Janelle Wetzstein,

While the names Zach T. Fortune, Andres L. Rojas, John A. Lindt and William L. Hammond may not mean much to the average Petaluma citizen, they are well-known at the Petaluma Police Department.

Parolee arrested after firing shots into ground in Redlands

Greg Cappis, Redlands Daily Facts

REDLANDS>> A man arrested Tuesday night after gunshots were fired into the ground is a parolee who has given different spellings of his name and multiple dates of birth to law enforcement officials, the Police Department said Wednesday.


California Bill Would Give Drug Users Treatment Instead Of Prison Time

Saki Knafo, Huffington Post

When Daniel Romero was first arrested for drug possession, at the age of 21, he had been getting high for more than a decade. He started smoking pot when he was 10, tried cocaine at 13 and crack at 14, by his account. 

Legislature approves increasing penalty for sex offender parolees who remove tracking devices

The Associated Press

SACRAMENTO, California — Sex-offender parolees who remove or disable their satellite-linked tracking devices would face an increased penalty under legislation sent to Gov. Jerry Brown.

Judge: Federal prison receiver can get California state pension
Jon Ortiz, Sacramento Bee

A Sacramento judge has ruled that California's Prisons Receiver J. Clark Kelso qualifies for a state pension, even though his position as the penal system's medical overseer was established by federal appointment.

AHF Hails Passage of Condoms in Prisons Bill, Urges Governor Brown to Sign AB 999 into Law

SACRAMENTO, Calif. — AIDS Healthcare Foundation (AHF), today hailed the passage of California Assembly Bill 999 (Rob Bonta, D—District 18, representing Oakland, Alameda and San Leandro)—The Prisoner Protections for Family and Community Health Act—a bill that requires California’s Department of Corrections and Rehabilitation to develop a 5-year plan to extend the availability of condoms in all California prisons. The bill cleared the Legislature in Sacramento last evening. AHF is now urging Governor Brown to swiftly sign AB 999 into law.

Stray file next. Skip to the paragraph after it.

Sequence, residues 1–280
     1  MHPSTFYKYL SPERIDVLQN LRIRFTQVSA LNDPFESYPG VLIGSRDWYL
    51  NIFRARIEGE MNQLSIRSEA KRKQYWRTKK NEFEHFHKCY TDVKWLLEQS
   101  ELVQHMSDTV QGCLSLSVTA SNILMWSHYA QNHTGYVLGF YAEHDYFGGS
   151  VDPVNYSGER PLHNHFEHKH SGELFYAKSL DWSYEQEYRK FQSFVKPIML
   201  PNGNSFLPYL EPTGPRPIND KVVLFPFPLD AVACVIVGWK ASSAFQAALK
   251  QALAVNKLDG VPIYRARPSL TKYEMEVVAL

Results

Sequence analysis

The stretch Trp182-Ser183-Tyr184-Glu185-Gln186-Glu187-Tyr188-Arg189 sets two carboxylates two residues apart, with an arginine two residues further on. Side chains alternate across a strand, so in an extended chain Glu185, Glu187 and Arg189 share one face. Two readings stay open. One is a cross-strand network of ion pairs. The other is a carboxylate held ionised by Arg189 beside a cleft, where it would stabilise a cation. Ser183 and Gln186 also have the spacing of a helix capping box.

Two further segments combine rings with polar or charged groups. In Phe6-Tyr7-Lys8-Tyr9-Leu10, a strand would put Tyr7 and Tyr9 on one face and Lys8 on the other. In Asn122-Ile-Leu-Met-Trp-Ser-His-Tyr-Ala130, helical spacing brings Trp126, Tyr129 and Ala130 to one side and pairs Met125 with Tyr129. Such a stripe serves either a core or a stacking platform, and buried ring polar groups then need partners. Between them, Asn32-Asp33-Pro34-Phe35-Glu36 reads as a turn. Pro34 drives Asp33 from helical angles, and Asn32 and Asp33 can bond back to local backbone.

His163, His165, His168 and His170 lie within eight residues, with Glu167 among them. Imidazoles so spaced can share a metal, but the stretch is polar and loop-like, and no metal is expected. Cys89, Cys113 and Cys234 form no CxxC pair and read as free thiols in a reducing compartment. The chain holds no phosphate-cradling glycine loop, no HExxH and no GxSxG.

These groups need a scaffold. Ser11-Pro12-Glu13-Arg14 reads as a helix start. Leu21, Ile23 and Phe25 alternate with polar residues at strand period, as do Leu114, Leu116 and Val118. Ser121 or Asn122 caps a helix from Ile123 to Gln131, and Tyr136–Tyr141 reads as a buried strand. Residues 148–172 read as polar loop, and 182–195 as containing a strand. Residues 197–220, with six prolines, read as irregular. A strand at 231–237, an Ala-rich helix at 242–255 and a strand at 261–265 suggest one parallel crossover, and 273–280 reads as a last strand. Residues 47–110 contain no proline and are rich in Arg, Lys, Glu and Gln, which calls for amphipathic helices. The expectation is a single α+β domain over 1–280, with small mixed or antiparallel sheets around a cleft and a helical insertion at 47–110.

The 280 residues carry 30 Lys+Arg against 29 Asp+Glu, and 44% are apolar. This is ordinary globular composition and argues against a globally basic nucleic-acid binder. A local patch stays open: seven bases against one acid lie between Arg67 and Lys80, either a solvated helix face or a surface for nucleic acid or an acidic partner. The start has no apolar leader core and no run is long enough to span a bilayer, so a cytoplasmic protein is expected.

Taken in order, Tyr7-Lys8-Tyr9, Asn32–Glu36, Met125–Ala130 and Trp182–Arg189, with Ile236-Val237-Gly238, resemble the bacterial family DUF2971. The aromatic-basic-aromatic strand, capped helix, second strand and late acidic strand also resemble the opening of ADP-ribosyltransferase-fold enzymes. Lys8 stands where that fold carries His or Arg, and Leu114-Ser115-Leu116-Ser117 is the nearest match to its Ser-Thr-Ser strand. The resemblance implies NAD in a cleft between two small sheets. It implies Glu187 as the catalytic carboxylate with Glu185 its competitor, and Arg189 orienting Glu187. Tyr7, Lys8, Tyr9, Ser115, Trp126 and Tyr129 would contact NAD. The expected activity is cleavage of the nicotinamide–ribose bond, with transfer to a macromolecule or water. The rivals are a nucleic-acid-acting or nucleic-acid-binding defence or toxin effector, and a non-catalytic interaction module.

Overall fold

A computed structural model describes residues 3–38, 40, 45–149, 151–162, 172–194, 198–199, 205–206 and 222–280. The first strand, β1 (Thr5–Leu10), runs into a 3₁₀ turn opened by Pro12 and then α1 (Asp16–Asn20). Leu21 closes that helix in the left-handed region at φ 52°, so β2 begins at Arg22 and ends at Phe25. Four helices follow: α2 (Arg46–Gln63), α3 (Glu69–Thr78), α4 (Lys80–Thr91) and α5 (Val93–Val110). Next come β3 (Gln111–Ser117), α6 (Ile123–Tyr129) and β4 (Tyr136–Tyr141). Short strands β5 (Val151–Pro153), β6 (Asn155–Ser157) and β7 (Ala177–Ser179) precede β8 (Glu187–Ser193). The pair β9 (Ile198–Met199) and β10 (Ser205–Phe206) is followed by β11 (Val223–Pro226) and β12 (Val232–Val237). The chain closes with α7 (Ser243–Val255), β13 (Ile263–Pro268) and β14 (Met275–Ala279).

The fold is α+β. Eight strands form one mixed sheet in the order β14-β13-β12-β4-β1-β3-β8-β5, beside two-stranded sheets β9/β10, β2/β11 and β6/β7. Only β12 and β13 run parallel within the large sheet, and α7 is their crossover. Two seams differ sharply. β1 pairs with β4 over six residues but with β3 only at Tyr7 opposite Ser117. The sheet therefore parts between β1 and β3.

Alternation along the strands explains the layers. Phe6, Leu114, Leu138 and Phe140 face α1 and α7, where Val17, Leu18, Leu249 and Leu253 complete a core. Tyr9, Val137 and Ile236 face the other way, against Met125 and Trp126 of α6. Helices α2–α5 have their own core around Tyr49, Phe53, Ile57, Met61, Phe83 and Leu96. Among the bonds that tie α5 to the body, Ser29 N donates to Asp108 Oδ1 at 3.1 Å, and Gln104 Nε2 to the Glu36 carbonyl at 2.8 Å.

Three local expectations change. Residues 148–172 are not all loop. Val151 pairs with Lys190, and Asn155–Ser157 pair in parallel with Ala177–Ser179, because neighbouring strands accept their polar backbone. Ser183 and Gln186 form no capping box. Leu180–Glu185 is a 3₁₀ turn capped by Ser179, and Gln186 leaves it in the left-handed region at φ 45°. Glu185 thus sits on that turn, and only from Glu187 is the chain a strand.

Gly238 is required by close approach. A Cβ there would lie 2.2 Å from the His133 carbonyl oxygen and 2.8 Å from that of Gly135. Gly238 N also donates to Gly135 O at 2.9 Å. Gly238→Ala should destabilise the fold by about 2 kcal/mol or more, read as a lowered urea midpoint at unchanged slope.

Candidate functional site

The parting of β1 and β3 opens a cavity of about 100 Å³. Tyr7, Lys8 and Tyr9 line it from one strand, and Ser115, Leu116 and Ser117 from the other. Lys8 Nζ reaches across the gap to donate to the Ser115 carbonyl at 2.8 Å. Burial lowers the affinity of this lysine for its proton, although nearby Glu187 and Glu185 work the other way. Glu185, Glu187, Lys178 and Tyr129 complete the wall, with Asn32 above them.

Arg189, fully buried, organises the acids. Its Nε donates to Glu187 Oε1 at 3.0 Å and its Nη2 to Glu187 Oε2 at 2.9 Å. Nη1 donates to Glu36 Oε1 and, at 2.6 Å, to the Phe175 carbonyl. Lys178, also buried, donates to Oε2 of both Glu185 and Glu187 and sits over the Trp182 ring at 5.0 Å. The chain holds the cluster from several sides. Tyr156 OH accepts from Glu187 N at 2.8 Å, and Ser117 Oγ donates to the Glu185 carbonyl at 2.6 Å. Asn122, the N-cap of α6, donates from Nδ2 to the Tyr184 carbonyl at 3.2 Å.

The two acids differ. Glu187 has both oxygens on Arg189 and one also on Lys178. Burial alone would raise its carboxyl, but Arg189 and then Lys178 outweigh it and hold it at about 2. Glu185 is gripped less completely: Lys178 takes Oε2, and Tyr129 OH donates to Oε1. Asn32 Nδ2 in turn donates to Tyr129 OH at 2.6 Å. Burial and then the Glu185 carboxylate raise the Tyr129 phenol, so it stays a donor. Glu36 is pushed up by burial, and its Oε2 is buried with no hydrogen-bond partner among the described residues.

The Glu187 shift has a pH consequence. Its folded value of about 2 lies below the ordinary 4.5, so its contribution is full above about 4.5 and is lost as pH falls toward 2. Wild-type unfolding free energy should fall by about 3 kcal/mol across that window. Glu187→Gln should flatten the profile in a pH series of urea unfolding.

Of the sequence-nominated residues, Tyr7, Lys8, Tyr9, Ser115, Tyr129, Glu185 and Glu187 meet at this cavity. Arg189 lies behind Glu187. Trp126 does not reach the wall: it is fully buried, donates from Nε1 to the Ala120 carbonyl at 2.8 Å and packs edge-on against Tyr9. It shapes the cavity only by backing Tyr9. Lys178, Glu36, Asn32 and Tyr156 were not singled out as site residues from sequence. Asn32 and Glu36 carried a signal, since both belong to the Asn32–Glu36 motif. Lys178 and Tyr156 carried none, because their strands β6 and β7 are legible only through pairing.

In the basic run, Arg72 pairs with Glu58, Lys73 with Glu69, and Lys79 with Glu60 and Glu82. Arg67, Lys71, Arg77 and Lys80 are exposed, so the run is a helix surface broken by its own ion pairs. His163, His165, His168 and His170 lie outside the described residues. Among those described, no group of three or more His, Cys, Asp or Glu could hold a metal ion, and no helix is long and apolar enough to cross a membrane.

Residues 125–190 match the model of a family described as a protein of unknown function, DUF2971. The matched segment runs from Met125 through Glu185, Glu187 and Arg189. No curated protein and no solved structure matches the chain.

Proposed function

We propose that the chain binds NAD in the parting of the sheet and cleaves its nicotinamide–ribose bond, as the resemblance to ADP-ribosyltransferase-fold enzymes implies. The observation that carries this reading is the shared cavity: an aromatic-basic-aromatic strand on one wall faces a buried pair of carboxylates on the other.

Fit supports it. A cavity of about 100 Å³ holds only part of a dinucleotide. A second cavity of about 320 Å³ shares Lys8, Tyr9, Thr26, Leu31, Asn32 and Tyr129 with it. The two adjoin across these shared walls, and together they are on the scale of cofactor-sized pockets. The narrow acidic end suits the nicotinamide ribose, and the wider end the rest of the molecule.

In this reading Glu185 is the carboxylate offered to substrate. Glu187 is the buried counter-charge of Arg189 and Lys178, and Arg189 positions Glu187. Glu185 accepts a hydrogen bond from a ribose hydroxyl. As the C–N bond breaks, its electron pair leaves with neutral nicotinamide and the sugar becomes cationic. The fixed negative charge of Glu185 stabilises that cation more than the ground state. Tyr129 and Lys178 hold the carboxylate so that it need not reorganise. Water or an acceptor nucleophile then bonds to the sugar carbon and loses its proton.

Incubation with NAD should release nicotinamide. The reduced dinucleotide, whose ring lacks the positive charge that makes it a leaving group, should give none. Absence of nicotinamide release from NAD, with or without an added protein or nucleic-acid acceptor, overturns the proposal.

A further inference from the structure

Prisons' progress - what direction to take?
San Francisco Chronicle

Gov. Jerry Brown and state legislative leaders have come to a deal on how to reduce the state's prison overcrowding problem. The question is whether the courts will agree to it.

Mercury News editorial: Compromise on prison overcrowding benefits Californians

San Jose Mercury News

Smart compromises have been in short supply in Sacramento in recent years. So it was heartening to see Gov. Jerry Brown and Republican and Democratic legislative leaders announce a deal Monday on the prison overcrowding crisis that benefits all Californians.

Inmate rehabilitation should be a priority

Ventura County Reporter

The state of California and its 58 counties have a mounting crisis on their hands and the blame game is in full swing.

In 2011, Gov. Jerry Brown was handed a federal mandate to reduce the prison population because of overcrowding, which was ruled to be cruel and unusual punishment and the primary cause of unconstitutionally poor inmate medical and mental health care. Brown appealed but the mandate was upheld. Should Brown have chosen to ignore the mandate, then he would be held in contempt. And so began the great shift from prison to county jails, known as realignment. This, however, did not mean that current inmates would move from prisons to jails, but that newly convicted nonviolent, nonsexual and nonserious offenders would serve their time in jail, not prison. And the plan worked, in part, to reduce overcrowding. But not enough. And not without perceived repercussions at the local levels.